Anorthoclase

The mineral anorthoclase ((Na, K)AlSi3O8) is a crystalline solid solution in the alkali feldspar series, in which the sodium-aluminum silicate member exists in larger proportion. It is a member of a continuous series of feldspar minerals related to sanidine. It typically consists of between 10 and 36 percent of KAlSi3O8 and between 64 and 90 percent of NaAlSi3O8.

It was first described in 1885 for an occurrence on Pantelleria Island, Trapani Province, Sicily. The name is from the Greek αν, ορθός, and κλάσις (not cleaving at right-angles), for its oblique cleavage.

General Information

  • Category: Feldspar
  • Formula: (Na,K)AlSi3O8
  • Crystal system: Triclinic
  • Crystal class: Pinacoidal.

Properties

Anorthoclase is an intermediate member of the high albite – sanidine alkali feldspar solid solution series. Intermediate members of this series, high albite, anorthoclase and high sodium sanidine are stable at temperatures of 600 °C (1,112 °F) and above. Below 400 to 600°C, the only very limited solution exists (less than about 5% on both the low albite and microcline ends).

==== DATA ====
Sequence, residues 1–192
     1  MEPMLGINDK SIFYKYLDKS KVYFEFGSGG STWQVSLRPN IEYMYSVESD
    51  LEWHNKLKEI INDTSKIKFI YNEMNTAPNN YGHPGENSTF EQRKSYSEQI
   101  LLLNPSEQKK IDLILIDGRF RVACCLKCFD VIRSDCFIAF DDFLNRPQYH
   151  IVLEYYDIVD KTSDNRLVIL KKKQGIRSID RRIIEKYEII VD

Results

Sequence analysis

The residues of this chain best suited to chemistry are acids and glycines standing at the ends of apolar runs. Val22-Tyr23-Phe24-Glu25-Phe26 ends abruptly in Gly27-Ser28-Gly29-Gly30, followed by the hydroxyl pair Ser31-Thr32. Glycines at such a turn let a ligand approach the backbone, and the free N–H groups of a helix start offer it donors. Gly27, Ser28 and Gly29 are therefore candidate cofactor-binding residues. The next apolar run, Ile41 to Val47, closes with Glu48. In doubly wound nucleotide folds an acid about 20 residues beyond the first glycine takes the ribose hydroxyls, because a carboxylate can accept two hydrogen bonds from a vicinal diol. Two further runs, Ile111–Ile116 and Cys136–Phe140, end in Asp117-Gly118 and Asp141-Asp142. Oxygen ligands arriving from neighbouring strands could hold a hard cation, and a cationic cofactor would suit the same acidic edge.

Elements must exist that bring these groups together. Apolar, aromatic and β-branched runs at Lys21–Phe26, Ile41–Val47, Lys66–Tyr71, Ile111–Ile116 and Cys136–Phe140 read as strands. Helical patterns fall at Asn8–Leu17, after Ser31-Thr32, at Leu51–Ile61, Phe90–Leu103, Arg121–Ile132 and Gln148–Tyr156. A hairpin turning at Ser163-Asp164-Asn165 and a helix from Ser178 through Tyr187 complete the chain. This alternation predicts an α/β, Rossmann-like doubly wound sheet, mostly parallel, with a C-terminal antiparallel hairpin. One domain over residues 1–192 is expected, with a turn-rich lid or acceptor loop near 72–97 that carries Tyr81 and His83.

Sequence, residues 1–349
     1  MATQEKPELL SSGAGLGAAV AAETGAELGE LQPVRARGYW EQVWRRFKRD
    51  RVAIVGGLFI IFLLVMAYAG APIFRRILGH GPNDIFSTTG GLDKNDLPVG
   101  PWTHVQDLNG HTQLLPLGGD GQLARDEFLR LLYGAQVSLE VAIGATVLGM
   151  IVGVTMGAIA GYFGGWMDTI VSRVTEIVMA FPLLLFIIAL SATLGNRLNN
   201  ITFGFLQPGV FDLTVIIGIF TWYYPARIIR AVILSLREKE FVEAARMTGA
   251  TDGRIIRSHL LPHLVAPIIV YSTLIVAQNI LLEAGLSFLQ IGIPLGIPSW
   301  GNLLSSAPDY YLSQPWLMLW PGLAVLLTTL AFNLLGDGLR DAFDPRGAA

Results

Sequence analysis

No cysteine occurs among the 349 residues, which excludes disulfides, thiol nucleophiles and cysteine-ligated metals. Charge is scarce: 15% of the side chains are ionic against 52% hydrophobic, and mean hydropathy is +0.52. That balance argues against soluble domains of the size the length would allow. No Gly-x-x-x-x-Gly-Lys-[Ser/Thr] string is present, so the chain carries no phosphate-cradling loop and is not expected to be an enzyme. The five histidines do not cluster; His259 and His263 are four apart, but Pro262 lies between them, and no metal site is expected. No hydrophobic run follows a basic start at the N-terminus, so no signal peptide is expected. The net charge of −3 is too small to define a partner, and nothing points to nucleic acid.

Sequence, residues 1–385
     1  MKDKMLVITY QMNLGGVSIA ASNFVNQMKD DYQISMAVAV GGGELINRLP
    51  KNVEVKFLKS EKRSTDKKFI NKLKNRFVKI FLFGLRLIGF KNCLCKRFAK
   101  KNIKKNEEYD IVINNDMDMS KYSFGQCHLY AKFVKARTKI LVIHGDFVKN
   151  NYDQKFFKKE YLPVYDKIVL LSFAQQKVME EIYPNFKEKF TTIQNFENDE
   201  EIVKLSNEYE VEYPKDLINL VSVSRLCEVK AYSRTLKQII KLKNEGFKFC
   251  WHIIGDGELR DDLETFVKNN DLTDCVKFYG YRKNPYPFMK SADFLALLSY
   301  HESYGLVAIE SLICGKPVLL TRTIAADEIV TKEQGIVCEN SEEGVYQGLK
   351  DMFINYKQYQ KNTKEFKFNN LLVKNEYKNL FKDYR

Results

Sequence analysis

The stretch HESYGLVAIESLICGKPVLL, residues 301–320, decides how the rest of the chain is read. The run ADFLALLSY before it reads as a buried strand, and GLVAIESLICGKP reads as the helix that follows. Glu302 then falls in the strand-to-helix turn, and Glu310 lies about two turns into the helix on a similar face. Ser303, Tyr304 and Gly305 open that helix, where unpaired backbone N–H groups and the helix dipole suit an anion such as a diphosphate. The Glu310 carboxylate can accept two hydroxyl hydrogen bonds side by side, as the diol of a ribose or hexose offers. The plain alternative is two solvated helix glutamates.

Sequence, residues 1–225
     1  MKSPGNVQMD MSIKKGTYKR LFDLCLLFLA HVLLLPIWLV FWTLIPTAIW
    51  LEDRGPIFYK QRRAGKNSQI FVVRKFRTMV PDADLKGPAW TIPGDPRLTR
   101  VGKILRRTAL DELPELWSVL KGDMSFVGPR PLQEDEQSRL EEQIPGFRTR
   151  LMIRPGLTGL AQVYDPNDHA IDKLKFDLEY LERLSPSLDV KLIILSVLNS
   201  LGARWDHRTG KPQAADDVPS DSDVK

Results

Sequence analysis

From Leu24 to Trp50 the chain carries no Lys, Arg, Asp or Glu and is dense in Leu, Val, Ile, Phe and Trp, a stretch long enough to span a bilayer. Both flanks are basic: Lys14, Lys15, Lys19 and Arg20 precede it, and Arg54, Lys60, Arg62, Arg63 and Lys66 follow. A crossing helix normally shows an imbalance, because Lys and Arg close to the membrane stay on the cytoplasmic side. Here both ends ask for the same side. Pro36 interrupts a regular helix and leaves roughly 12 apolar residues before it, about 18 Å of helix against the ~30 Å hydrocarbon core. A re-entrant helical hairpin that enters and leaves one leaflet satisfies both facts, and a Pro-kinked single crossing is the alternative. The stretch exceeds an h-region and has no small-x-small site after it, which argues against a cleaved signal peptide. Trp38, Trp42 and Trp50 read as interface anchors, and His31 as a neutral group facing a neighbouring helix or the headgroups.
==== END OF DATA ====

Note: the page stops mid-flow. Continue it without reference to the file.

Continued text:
• Color: Colorless, also white, pale creamy yellow, red, green
  • Crystal habit: Short prismatic crystals; tabular, rhombic.
  • Cleavage: Perfect on [001], other partings
  • Fracture: Uneven
  • Tenacity: Brittle
  • Mohs scale hardness: 6
  • Luster: Vitreous to pearly on cleavage planes
  • Streak: White
  • Diaphaneity: Transparent
  • Specific gravity: 2.57 – 2.60

Anorthoclase and high albite exhibit triclinic symmetry, whereas sanidine and the low-temperature orthoclase have monoclinic symmetry. If the high-temperature intermediate composition alkali feldspars are allowed to cool slowly, exsolution occurs and a perthite structure results.

Occurrence

Anorthoclase occurs in high-temperature sodium-rich volcanic and hypabyssal (shallow intrusive) rocks. The mineral is typically found as a constituent of the fine-grained matrix or as small phenocrysts which may occur as loose crystals in a weathered rock.

 

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